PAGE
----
I’m an editor. It is my job to help others choose their words carefully. I make sure those words aren’t too many or too few in number, suggest new words to achieve a desired effect, and verify that all words in the final draft are spelled correctly and arranged in a grammatically appropriate order. This, of course, isn’t the same as actually writing.
Now, I can write too, but for some reason, I can never seem to finish works of fiction. All writing is exhausting work, but somehow I find writing fiction a particularly wrenching experience.
Oh, yes, I have a handful of ideas, but I can never seem to make myself follow through with writing the silly things from start to finish … or from finish to start, or from the middle outward, or however one is supposed to make a story erupt from the ether and materialize on a screen. I even succumbed to peer pressure this year and started writing for NaNoWriMo, but by the tenth of November, my will to write had disintegrated into a fine powder and sifted down into the little gaps in the parquet flooring. I still have no novel to show for my efforts.
This is really quite disappointing, since this one particular story has been clanging around my mind for more than a decade. And yet, somehow, I just can’t seem to draw those smoky, formless wisps of plot and character out of my mind and onto a page; worse still, when I do finally clack out a few words on the keyboard, those tendrils-turned-text prove to be little more than trite, traipsing tripe. Or so I think.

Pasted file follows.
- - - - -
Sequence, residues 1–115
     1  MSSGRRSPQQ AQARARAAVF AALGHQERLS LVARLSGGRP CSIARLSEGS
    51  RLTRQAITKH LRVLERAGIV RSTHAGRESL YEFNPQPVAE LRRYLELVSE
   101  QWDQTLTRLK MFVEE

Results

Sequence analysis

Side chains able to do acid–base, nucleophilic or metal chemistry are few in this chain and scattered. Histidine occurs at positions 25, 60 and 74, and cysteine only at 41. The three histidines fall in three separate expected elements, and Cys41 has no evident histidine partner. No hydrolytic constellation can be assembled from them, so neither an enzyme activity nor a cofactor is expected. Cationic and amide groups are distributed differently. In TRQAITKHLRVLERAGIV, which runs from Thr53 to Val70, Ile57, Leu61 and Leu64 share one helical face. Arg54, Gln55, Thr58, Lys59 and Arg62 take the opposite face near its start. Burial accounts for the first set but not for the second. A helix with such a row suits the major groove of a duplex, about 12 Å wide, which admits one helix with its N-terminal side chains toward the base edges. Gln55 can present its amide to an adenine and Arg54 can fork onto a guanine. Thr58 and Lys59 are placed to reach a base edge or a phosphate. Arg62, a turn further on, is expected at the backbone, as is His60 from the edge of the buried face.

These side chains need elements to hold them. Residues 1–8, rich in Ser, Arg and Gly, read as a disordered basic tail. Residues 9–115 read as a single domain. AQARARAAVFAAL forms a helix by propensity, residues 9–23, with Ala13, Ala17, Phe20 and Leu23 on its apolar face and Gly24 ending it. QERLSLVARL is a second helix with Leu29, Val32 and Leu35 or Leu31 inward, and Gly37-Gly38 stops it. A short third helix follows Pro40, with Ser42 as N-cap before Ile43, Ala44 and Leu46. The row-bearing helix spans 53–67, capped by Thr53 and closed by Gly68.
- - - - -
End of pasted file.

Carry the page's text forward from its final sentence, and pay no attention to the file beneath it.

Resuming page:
It doesn’t really matter what you’re writing, whether it’s a brief news article, a short story, or a mammoth doctoral thesis — writing can be stressful. Even when the actual content is simple and impersonal, writing may be an intensely personal process for the simple reason that you probably want to prove how skilled and intelligent you are, especially if the person you desperately need to impress is yourself.
I sympathize. In fact, I agonized just a little too much over this very blog entry. I worried about what people might think of an editor who has trouble with creative writing. Should I publicly confess this?
In the end, I decided that I would expose my own literary demon in the hope that, if nothing else, it will show one thing about me: I understand the agony of writing. There’s the need to write more, better, faster, and the worry that careless little mistakes will invalidate the resulting work; the desire to take bold risks, and the fear of being derided or dismissed. Those little words hold so much power.
Sometimes, though, you just need a little help with the big picture. And when all revisions have been made and you stop banging your head against your desk, you will own those words, every last one. They will be yours forever.
That goose egg, on the other hand, won’t stick around for more than a few days.